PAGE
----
To be honest, I haven't found stopping or restarting compton makes any difference, and starting dropbox a long time after tint2 and compton have started doesn't seem to help either.
Also tried Right-click>Quit Dropbox >> Menu>Network>Dropbox>start Dropbox to no effect, likewise restarting tint2 from the menu...
...but, some combination of restarting Dropbox and restarting tint2 does get rid of that white square!
I haven't yet done it enough times to pin it down exactly, but some repetition of the two will do it. Mysterious.
Another alternative which I haven't tried might be to install the beta dropbox 3.1.27 here: https://www.dropboxforum.com/hc/communi … ld-3-1-270
S11, with the greatest respect, it looks to me that that libc6 dependency is for a version greater than or equal to 2.7
My Wheezy comes with libc6 2.13-38+deb7u6 which I think is the default, so ffmpeg 8:1.0.10-dmo1ought to be OK, no?
Right now I'm running on a laptop with a recently installed #! Waldorf, regular debian ffmpeg installed, so in the interests of science I upgraded ffmpeg from the deb-multimedia repos to see what I got. This is what I did:
*) Open http://www.deb-multimedia.org/ and read the instructions.
*) Add this line to /etc/apt/sources.list
deb http://www.deb-multimedia.org wheezy main non-free
*) Run these commands in a terminal:
sudo apt-get update sudo apt-get install deb-multimedia-keyring sudo apt-get dist-upgrade
A lot of libraries were installed and upgraded, including ffmpeg.
*) To check the situation, run:
apt-cache policy ffmpeg ffmpeg: Installed: 8:1.0.10-dmo1 Candidate: 8:1.0.10-dmo1 Version table: *** 8:1.0.10-dmo1 0 500 http://www.deb-multimedia.org/ wheezy/main i386 Packages 100 /var/lib/dpkg/status 6:0.8.16-1 0 500 http://http.debian.net/debian/ wheezy/main i386 Packages 500 http://security.debian.org/ wheezy/updates/main i386 Packages
So we now have 8:1.0.10-dmo1. (I made no changes to pinning settings - the deb-multimedia repos have the default pinning of 500.)
I think part of the problem you've been having - which I initially overlooked - is that you have your wheezy-backports pinned at the same level as the multimedia repo.
I think this might have been it. Usually multimedia get the default pinning - higher than backports - so dist-upgrade pulls in a load of newer libraries which the new ffmpeg needs.
What I seem to remember reading about the ffmpeg vs av-tools thing is that for a while ffmpeg looked as if it wasn't getting much work, so Debian regarded it as obsolete and shifted focus to av-tools. According to the deb-multimedia site, ffmpeg is moving again now.
@flaneur I was just about to post about that very thing. I tried replacing those icons with ones from Faenza-Dark-Crunchbang, and yes I got back my nice grey icon... but, with a square white background! The icons themselves are transparent, but that white background is coming in from somewhere else I guess.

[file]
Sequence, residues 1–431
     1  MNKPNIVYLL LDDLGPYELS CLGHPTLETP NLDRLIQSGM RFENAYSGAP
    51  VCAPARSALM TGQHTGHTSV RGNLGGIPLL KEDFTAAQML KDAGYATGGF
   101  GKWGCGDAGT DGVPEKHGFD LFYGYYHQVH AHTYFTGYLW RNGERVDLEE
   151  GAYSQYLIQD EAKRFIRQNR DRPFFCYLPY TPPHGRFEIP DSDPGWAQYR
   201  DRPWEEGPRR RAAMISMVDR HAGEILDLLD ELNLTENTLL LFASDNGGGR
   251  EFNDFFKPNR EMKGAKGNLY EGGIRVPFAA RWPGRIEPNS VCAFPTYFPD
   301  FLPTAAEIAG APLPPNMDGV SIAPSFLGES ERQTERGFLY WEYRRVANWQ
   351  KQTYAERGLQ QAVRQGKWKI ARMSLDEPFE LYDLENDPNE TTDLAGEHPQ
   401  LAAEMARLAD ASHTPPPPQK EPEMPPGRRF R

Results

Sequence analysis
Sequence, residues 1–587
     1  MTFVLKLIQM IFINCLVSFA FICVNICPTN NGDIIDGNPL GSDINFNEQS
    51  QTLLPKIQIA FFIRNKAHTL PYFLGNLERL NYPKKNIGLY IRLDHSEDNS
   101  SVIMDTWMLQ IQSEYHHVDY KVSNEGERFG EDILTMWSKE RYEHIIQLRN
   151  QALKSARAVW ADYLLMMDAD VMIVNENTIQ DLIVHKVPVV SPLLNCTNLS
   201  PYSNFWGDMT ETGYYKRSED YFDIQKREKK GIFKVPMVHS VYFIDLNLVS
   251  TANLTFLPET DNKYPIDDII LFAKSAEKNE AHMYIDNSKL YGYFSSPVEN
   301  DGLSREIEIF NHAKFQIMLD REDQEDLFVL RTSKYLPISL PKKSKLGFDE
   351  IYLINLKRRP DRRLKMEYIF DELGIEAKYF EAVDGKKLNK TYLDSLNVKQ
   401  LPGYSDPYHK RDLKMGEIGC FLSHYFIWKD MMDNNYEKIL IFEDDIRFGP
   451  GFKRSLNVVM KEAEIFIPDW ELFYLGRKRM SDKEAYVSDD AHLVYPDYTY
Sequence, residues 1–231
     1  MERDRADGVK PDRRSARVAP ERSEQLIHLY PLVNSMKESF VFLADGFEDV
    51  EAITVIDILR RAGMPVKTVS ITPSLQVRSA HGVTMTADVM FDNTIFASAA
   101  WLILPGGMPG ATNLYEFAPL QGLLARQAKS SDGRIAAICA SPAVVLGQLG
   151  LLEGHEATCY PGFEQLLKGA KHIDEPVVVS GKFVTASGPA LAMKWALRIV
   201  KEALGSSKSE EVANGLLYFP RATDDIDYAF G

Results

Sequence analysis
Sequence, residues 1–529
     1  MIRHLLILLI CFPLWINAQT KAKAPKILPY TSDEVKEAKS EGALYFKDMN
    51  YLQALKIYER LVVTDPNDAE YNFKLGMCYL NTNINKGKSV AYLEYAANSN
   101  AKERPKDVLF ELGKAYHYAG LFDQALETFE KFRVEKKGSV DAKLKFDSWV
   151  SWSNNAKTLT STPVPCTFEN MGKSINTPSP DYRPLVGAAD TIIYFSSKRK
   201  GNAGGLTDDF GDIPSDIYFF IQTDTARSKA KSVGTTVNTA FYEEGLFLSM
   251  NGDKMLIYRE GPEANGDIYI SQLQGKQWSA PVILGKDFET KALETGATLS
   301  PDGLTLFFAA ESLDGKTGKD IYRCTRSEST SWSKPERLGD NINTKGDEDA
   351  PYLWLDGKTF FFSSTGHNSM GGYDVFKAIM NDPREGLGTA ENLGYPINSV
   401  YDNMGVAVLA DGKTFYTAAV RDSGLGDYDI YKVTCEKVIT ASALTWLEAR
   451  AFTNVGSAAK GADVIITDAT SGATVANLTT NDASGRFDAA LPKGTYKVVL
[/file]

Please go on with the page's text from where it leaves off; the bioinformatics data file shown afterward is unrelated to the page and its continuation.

I might also mention that the popup menu no longer follows the gtk theme like all the other systray apps. I suppose this is all connected with the switch to Qt.
A #!/Xfce hybrid installer that does that: http://crunchbang.org/forums/viewtopic.php?id=30132
I've just installed #! on a laptop, and running the install-dropbox script got the new version 3.0.3.
There are many improvements apparently, but the icon I got in tint2's system tray looks ugly.
In 2.10.52 it pulls in the gtk theme "Faenza Crunchbang Dark" for me, and blends in nicely with the rest of the tray:
But 3.0.3 has a non-transparent white background:
I'm guessing that the new dropbox is enforcing its own hard-coded icons from somewhere...
Does anyone have any suggenstions to fix this?
Just did a search on 'mount hfsplus permissions' and the first result was this: http://askubuntu.com/questions/100167/h … ermissions
Didn't read it too carefully though.
Absolute right/wrong vs relative...
Clearly torturing a child is wrong. I don't think anybody would disagree with that.
Abusing power to exploit others is also wrong in my book.
After that, there are areas where different cultures have different ideas. Now, I don't buy into that "Asian values" argument used by those in power in China and Singapore to deny their people freedom of speech or fair access to the rule of law, for example, but there are many other areas where there is room to disagree. Sex, property, the rights of the individual vs the rights of the group...
A mature community ought to be able to discuss differences of point of view without insulting each other.
There was no entry for hfsplus, but:
Mount options for hfs
Set the creator/type values as shown by the MacOS finder used
for creating new files. Default values: '????'.
Set the owner and group of all files. (Default: the uid and gid
of the current process.)
dir_umask=n, file_umask=n, umask=n
Set the umask used for all directories, all regular files, or
all files and directories. Defaults to the umask of the current
Would the uid option do it for you? Or set umask to 000?
Maybe it's the Waldorf GTK2 theme, which has no buttons at the ends of the scrollbar. I edited mine using pvsage's suggestion here: http://crunchbang.org/forums/viewtopic. … 92#p296992
It doesn't remove the "border" but makes it more useful perhaps?
libc6 is right at the centre of things. Many, if not most, packages depend on it, and depend on a certain version of it. The packages on Wheezy need 2.13 and those on Jessie are compiled to work with 2.19. Of course there is some backward-compatibility, but generally it is very dangerous to mess with libc6.
Try a search for 'libc6' on this forum for a start.